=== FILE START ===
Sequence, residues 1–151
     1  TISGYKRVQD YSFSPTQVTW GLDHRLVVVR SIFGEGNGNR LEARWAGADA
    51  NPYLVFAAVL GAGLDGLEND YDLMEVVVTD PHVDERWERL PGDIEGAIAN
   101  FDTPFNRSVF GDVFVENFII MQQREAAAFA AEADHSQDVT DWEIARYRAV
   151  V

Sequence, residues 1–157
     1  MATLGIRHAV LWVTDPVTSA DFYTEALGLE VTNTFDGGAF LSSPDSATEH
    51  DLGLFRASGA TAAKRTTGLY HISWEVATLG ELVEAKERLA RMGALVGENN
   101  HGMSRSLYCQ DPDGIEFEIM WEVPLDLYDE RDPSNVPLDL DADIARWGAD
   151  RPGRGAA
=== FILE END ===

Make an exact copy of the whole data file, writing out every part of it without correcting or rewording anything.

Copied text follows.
Sequence, residues 1–151
     1  TISGYKRVQD YSFSPTQVTW GLDHRLVVVR SIFGEGNGNR LEARWAGADA
    51  NPYLVFAAVL GAGLDGLEND YDLMEVVVTD PHVDERWERL PGDIEGAIAN
   101  FDTPFNRSVF GDVFVENFII MQQREAAAFA AEADHSQDVT DWEIARYRAV
   151  V

Sequence, residues 1–157
     1  MATLGIRHAV LWVTDPVTSA DFYTEALGLE VTNTFDGGAF LSSPDSATEH
    51  DLGLFRASGA TAAKRTTGLY HISWEVATLG ELVEAKERLA RMGALVGENN
   101  HGMSRSLYCQ DPDGIEFEIM WEVPLDLYDE RDPSNVPLDL DADIARWGAD
   151  RPGRGAA